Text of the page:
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Lieutenant General Richard Taylor, b.1826, d. 1879, was the owner of Fashion Plantation. He was the son of President
Zachary Taylor and the brother-in-law of Confederate President Jefferson Davis. Taylor was a U.S. Senator, 1856–1860;a colonel in the Louisiana Ninth Infantry (appointed by Governor Moore); was
appointed brigadier general in 1861;fought with distinction under Generals “Stonewall” Jackson and Robert E. Lee; was a member of Louisiana Secession Committee and chairman of the
Committee on Military and Naval Affairs;and enacted the Conscription Act to enlist
aid to fight Union troops. He is interred with his wife at Metairie Cemetery.

Ordinance of Secession

"St. Charles was one of twenty-nine parishes that supported secession on January 26, 1861. General Richard Taylor of Fashion Plantation was elected to represent the German Coast. His signature is included among those signing the document with the notation “of St. Charles” directly below. The German Coast was then no longer a part of the United States. For two months the German Coast was part of a new nation named the Republic..." Read More


Little Red Church

Little Red Church

"Little Red Church, built in 1806, has been standing now on the 1770 Spanish land grant for 112 years as a landmark for travelers on the Mississippi River. The church was without a pastor for forty-two years due to the 1877 fire, which destroyed the rectory, and the 1890 interdiction brought about by charter and warden conflicts with the archdiocese. But all ..." Read More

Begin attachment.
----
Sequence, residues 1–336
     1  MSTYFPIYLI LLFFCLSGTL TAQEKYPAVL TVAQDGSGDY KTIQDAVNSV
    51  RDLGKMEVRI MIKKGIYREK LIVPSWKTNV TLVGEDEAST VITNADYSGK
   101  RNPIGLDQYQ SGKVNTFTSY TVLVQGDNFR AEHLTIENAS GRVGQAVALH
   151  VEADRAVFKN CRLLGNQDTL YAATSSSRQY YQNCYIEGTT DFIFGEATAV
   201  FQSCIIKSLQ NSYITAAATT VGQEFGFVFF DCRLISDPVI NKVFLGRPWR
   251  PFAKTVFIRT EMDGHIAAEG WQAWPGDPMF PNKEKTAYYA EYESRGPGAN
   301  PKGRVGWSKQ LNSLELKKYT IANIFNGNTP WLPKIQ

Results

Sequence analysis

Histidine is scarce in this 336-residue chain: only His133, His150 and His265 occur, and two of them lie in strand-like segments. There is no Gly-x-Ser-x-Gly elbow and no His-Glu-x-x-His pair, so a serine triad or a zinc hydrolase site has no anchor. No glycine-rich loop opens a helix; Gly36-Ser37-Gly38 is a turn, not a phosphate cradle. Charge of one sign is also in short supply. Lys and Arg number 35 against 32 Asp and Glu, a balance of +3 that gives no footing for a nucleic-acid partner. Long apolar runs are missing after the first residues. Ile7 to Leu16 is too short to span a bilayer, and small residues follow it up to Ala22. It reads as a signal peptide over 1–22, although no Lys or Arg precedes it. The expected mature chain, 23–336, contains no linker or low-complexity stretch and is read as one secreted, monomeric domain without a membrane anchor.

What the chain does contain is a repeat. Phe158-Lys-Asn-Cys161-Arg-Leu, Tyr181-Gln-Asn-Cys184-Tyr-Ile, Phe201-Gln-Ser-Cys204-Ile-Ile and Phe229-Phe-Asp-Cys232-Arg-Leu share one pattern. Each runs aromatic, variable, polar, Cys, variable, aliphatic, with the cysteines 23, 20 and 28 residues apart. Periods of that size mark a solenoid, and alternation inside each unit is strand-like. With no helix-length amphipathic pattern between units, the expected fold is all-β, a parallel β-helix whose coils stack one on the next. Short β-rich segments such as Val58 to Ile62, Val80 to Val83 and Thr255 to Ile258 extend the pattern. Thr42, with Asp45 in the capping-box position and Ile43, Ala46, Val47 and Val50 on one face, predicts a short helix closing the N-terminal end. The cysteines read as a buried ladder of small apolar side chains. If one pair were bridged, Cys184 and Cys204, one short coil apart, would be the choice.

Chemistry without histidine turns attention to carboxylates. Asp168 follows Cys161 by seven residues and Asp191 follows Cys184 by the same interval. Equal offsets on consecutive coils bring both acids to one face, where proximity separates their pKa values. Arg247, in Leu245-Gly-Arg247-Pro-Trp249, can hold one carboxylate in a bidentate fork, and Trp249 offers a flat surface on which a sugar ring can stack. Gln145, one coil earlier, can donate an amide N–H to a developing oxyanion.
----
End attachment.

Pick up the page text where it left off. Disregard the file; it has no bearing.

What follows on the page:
Painting of the Red Church by Fr.Paret

Fr. Paret’s Watercolors & Journal – 1859

"At the time of discovery of the Paret watercolors, in a proposal to publish the 1859 paintings, Louisiana State University (LSU) Art Museum Director Pat Bacot said the Paret paintings were “the most important single group of landscape paintings done before the Civil War in Louisiana. Nothing is comparable to them. Yet, these paintings have never been displayed in Louisiana. His paintings were subsequently published by LSU Press. His journal..." Read More


Father Joseph Paret

Fr. Joseph Paret Arrives on German Coast – 1848

"Approaching the middle of the nineteenth century, life was good and prosperous for most people in St. Charles Parish. St. Charles was a wealthy sugar parish. At that time, Louisiana supplied the nation with over half of all sugar in American markets—the second most important agricultural crop of the nation. St. Charles had an abundance of sugar plantations lining the Mississippi River— over fifty. For most St. Charles citizens, it was a leisurely lifestyle, where gentlemen of the German Coast wore ..." Read More